Despite being in the midst of our COVID-19 challenges, the 2020 Legislative Session is over but the work done by legislators, staff and advocates will extend beyond last week’s “sine die.” Read on as to how this session furthered the legislative priorities of the United Ways of the Pacific Northwest.
Increase Access, Affordability, and Quality of Early Learning Programs and Resources
A number of legislative accomplishments move us closer to the above goal. The legislature authorized almost $32 million to increase rates for providers accepting state “Working Connections Child Care” clients. Additional funding will result in capping co-pay rates to 12 percent of family income. The legislature also created a second tier of eligibility to reduce the “cliff effect” caused when modest pay raises result in a net loss of family income. Nearly $7 million increases the rates for Early Childhood Education and Assistance Program providers. Here is a more complete list of early learning achievements, including the extension of the Working Connections grace period for homeless families.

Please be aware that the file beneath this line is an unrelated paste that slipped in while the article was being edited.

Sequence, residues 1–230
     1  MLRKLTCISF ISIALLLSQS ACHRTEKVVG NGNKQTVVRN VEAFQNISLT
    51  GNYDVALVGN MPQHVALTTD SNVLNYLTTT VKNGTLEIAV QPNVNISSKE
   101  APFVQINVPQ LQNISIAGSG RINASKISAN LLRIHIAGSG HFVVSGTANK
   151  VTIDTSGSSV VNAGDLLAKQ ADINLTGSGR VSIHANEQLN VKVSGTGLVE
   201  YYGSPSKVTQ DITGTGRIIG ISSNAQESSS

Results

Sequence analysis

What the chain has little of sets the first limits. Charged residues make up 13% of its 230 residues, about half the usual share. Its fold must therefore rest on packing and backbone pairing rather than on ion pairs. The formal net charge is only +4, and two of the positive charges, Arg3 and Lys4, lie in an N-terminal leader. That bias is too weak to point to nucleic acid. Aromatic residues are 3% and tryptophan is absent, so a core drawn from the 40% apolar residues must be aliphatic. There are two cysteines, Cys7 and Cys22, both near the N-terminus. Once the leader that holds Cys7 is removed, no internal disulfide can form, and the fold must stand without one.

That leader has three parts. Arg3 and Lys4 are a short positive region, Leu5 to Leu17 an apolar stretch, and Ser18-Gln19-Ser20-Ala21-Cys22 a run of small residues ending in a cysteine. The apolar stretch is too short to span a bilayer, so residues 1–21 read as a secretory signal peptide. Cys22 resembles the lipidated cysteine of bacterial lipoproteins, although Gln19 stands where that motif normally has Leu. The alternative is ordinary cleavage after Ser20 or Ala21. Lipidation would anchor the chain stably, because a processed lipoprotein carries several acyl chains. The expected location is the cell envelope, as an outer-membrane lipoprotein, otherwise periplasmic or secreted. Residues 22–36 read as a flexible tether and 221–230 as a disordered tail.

End Homelessness and Increase Access to Affordable Housing
The 2020 Supplemental Capital Budget added $40 million to the Housing Trust Fund to build affordable homes. Another $10 million will go to preserve currently affordable homes that are at risk of losing affordability requirements. Another $68 million will be targeted for temporary shelter space. Also, a number of bills were passed to better protect renters such as HB 1694 which would allow tenants to pay some of the upfront rental entry costs in installments. The Washington Low-Income Housing Alliance has created a more comprehensive summary of affordable housing achievements for this session.
Build Economic Mobility for Struggling Families and Individuals
Statewide Poverty Action Network laid out a recap on the 2020 Legislative Session that includes a summary of bills that make changes to Temporary Assistance for Needy Families (HB 2441 and SB 5144), as well as improvements to consumer protections and justice reforms.
Fully Fund 211 Call System to Ensure Access to Critical Human Services and Resources
The state legislature authorized $200,000 for Washington 211 to upgrading telecommunications and other equipment at 211 call centers. This is a timely investment as the Washington 211 call centers are now under contract with the state’s Department of Health to serve as the principal call center for public calls regarding COVID-19.